Opinion: America’s problem with a four letter word: Race

Our frustration and righteous indignation over America’s refusal to accept African American people as people, as human beings just like you, has been simmering in a pressure cooker for too long.

When our loved ones were left hanging from trees or left to collect the remains of scorched homes while you stood cowardly under your white hoods at night, and badges during the day, we knew what happened and who was responsible. But America played the race game and turned its head. There were no cellphone videos to document our abuse. No protests to demand justice. But this is a new day.

Righteous indignation, left to spread like an incurable cancer, leads to destruction.

It won’t stop until America deals with the four letter word: Race.

Here are three ways to start the healing and show African Americans you stand with us, not against us. To show your children, your grandchildren, your friends, family, coworkers, the world - that our lives, black lives, matter just like yours because we are all part of the human race. People whom God created. People who need to breathe to survive.

No. 1. White people, stand down. Even though you have the privilege to go, come and move about as you please, you don't believe black people should have that same freedom. To attempt to check us at the door and demand to see our ID at your apartment complex, or shoot to kill because we're curious about a home under construction in your neighborhood, or to call the police when we're waiting for a friend at Starbucks, taking a nap in our college study hall or watching birds in the park, reeks of your not understanding that we belong here just like you. You don't have a right to question us just because of the color of our skin. You can start the healing by stopping the baseless threats and harassment.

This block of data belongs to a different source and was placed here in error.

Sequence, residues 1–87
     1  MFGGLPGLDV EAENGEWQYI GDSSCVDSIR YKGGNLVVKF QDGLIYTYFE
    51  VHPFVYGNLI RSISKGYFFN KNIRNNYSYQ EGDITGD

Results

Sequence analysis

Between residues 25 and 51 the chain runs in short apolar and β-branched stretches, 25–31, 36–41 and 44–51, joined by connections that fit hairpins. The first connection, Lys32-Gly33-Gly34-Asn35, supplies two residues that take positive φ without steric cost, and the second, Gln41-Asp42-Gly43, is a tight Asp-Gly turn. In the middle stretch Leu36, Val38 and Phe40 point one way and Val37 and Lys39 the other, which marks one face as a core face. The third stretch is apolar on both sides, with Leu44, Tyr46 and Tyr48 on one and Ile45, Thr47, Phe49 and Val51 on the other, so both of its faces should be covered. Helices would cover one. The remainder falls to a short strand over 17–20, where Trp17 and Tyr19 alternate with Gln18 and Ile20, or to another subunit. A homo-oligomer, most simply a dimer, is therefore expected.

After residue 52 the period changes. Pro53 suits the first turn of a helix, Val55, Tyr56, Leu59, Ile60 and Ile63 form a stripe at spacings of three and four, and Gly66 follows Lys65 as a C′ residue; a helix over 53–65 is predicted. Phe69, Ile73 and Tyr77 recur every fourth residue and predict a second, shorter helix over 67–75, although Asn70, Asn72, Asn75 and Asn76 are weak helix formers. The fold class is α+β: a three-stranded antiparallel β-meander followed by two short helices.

No. 2. Fix the justice system so it's not "just us". Make police departments throughout the country understand that policing black people unfairly because of our skin color will not be tolerated. Don't protect the blue. Stand in solidarity to protect and police everyone, black, brown, white and every color in the rainbow. Law enforcement believes they have a license to kill unlawfully when there are no penalties for their actions; when they are all but guaranteed to get off because of the badge.

If police and sheriff’s departments throughout America made it clear that there will be swift repercussions, that officers will no longer get a pass by saying they felt threatened or by outright lying — and if the unions supported that, and not corrupt cops — it would start the healing.

Hate crimes legislation is good start. But criminal penalties should be harsh for people who knowingly and willfully accuse a black person of a crime that they committed themselves, or when no crime had taken place at all.

No. 3. Society needs to walk the walk, not just talk the talk. To all the people of different races and nationalities who supported us in the George Floyd protests and who took part in the destruction that followed, don't go home to business as usual and post selfies on your Instagram page to show your friends how woke you are.

Instead, when you’re in the boardroom or the tech hub, the doctor’s office, the principal’s office, your real estate office, classroom, a nonprofit, the grocery store or anywhere you happen to be, don’t stand silently by and let racism go unchecked. Don’t play it safe. When you see something, speak up and speak out. Be part of the solution instead of letting institutional racism fester and spread until it explodes.

Joe Beasley is a longtime Atlanta activist who has championed civil rights issues here and abroad.